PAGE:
Even baseball fans who aren’t into statistics are familiar with batting average. If it starts with a 4, that’s historically good. Starting with a 3 is good, a 2 is OK, and if it starts with a 1 … well, even a casual fan knows it’s time to send that player to the minors.
But this season, as baseball’s collective batting average has sunk to .243, the dreaded “1” is showing up more and more. Batters, emboldened by teams that prioritize power over consistency, increasingly swing for the fences, and with that their averages have plummeted. Many have even sunk below .200, a threshold known as the Mendoza Line, which was named for Mario Mendoza, a light-hitting infielder in the 1970s.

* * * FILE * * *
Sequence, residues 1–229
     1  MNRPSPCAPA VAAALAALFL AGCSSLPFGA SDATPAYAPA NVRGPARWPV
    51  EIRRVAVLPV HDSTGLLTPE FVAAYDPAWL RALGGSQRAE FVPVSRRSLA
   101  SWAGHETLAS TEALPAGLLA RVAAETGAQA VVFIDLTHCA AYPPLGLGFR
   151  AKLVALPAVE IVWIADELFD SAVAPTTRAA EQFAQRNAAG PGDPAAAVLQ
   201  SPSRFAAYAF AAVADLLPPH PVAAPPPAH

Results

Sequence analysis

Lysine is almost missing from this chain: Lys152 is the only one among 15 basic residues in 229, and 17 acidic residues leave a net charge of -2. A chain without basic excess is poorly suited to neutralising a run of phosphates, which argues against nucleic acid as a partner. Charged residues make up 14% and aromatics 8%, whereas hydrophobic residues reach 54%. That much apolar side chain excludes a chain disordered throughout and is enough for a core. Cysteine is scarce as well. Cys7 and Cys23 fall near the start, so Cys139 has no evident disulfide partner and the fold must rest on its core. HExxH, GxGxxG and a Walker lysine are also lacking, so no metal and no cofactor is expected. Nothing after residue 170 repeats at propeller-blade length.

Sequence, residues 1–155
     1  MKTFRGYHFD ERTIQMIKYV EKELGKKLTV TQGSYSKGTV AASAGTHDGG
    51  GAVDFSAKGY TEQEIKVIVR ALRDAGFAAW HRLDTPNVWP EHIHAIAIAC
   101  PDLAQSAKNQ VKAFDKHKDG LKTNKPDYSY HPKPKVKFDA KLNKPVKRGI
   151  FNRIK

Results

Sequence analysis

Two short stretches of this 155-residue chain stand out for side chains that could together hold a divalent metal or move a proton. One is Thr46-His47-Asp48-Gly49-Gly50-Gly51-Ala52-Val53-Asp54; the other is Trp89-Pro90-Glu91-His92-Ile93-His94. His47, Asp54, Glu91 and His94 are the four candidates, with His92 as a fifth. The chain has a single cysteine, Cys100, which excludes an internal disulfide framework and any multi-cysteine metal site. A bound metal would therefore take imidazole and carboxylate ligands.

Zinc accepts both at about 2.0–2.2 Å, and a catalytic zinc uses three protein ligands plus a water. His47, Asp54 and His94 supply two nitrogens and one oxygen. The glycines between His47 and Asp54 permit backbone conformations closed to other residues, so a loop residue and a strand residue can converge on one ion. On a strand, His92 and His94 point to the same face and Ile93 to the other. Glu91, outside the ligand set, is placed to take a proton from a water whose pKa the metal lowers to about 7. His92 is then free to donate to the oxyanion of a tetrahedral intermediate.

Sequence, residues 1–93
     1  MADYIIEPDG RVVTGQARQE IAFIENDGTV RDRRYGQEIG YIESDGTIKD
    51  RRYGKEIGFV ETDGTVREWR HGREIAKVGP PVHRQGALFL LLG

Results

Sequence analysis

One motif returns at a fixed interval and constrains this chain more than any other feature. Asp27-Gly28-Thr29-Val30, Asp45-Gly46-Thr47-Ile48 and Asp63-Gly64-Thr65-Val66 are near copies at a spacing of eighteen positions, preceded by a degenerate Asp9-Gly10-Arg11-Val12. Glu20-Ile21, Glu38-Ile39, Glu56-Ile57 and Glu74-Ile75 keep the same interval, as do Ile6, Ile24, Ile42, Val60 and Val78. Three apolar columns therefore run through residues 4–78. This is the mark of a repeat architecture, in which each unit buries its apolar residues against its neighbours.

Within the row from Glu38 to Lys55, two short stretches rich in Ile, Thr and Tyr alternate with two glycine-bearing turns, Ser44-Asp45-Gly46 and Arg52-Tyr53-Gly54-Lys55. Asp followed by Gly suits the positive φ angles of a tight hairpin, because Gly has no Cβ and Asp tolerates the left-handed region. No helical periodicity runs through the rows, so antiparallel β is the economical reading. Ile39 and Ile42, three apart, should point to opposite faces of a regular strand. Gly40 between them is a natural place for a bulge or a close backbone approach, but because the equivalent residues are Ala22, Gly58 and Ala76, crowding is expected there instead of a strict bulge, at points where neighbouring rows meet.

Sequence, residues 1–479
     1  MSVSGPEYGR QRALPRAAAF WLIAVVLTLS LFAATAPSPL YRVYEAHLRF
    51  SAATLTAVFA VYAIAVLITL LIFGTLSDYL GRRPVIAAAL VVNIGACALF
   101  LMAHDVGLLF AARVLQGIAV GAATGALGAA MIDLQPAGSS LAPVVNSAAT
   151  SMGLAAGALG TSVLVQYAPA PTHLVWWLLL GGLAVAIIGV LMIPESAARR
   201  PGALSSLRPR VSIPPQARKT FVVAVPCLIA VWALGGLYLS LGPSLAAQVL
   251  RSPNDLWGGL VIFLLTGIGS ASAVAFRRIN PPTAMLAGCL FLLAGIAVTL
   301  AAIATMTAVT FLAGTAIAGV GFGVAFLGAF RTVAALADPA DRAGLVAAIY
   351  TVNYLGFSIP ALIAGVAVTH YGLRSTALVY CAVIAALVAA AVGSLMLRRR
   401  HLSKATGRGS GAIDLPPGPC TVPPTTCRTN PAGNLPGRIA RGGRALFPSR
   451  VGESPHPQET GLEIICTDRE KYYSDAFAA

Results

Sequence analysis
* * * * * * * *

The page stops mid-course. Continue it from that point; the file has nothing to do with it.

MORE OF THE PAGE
Through Thursday’s games, 20 players with at least 200 plate appearances — enough to be considered something of a regular — were hitting below .200. By season’s end they could be joined by several more who are near those thresholds in batting average or plate appearances.
In the last full season, 2019, there were only 15 such players. Further back, it was difficult to keep a roster spot with such a low average. Twenty years ago, in 2001, there were only five sub-.200 hitters, and 50 years ago, in 1971, there were six.